Romanticized Reality

By: Amara Tamborini

When most people (myself included) hear the word “Titanic”, their mind instantly goes to a dreamy young Leonardo DiCaprio, the timeless Kate Winslet and their unrequited love story told in the Academy Award winning film, Titanic. When I saw The Titanic Museum on the itinerary, I couldn’t wait to visit the birthplace of The Ship of Dreams. I fantasized about standing at the bow of the ship, arms wide open with Jack Dawson holding me tight, or having tea with Rose on the first class deck.

When I arrived at the museum, I was quickly reminded of the real story of the Titanic. I was intrigued by the personal accounts from survivors; how their journey changed their lives forever. As I stood in a dimly lit room listening to the audio recording of their tales, I once again imagines myself on the Titanic. This time, there was no romance, no Jack to hold my hand or first class comfort. Now there was the mourning, fear and chaos.

An excerpt from the exhibit reads: “The way that films have presented Titanic’s last hours has shaped how we think and feel about what may have happened on board”. After reading this, I was rattled by the thought of not truly knowing what happened the night the Titanic went down. The stories of the victims lie at the bottom of the Northern Atlantic Ocean along with the bones of the Unsinkable Ship. After one hundred and four years and no living survivors remaining, we have to trust that the tales of those who made it off of the ship alive are valid. As for the rest of the unknown events, we fill the void with Hollywood’s romanticized takes of such a devastating event. Visiting the Titanic Museum refocused my attention to the history and made me think deeper in to the way I interpret reality and how it is presented.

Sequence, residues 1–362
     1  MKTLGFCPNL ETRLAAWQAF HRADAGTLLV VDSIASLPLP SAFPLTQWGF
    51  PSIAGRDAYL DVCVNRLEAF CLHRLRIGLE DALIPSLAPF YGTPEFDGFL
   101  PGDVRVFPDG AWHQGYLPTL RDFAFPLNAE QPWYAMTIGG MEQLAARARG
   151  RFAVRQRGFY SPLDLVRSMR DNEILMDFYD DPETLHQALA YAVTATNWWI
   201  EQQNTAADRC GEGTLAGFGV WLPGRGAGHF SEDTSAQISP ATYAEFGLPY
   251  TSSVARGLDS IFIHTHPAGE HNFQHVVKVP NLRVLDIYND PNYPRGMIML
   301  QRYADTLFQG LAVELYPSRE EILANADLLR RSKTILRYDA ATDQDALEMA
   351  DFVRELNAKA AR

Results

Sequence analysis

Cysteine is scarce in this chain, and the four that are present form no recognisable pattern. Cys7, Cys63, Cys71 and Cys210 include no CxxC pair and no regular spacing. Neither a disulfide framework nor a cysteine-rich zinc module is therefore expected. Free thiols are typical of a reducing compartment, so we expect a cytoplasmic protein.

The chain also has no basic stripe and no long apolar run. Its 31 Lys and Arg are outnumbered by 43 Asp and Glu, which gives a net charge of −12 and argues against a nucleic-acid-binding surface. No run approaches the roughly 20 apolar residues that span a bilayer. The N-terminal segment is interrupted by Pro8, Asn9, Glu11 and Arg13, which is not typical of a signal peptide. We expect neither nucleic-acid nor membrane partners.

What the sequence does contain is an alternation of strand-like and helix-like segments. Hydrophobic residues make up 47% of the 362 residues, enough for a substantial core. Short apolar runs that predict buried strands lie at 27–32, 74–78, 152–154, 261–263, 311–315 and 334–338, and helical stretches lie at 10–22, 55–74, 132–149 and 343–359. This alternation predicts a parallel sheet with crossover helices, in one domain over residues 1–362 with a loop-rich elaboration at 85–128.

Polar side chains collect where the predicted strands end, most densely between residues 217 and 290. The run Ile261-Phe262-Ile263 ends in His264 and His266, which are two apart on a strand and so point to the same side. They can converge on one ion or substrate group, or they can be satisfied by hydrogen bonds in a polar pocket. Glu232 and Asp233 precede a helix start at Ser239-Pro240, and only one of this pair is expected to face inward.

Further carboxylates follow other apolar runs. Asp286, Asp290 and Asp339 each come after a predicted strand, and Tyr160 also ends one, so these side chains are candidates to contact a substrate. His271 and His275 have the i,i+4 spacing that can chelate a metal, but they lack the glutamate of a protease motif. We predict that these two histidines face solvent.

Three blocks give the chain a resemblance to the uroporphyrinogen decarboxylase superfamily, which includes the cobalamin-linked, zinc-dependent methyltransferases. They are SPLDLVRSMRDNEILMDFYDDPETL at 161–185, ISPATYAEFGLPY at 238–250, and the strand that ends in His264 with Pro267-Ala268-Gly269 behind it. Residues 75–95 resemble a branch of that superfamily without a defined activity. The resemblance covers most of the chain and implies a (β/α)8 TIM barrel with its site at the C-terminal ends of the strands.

One thought on “Romanticized Reality

  1. I remember how my sister felt when she read I Night to Remember. She cried for days over the tragedy. I am sorry your Hollywood version had to collide with reality.

    Me

    Like

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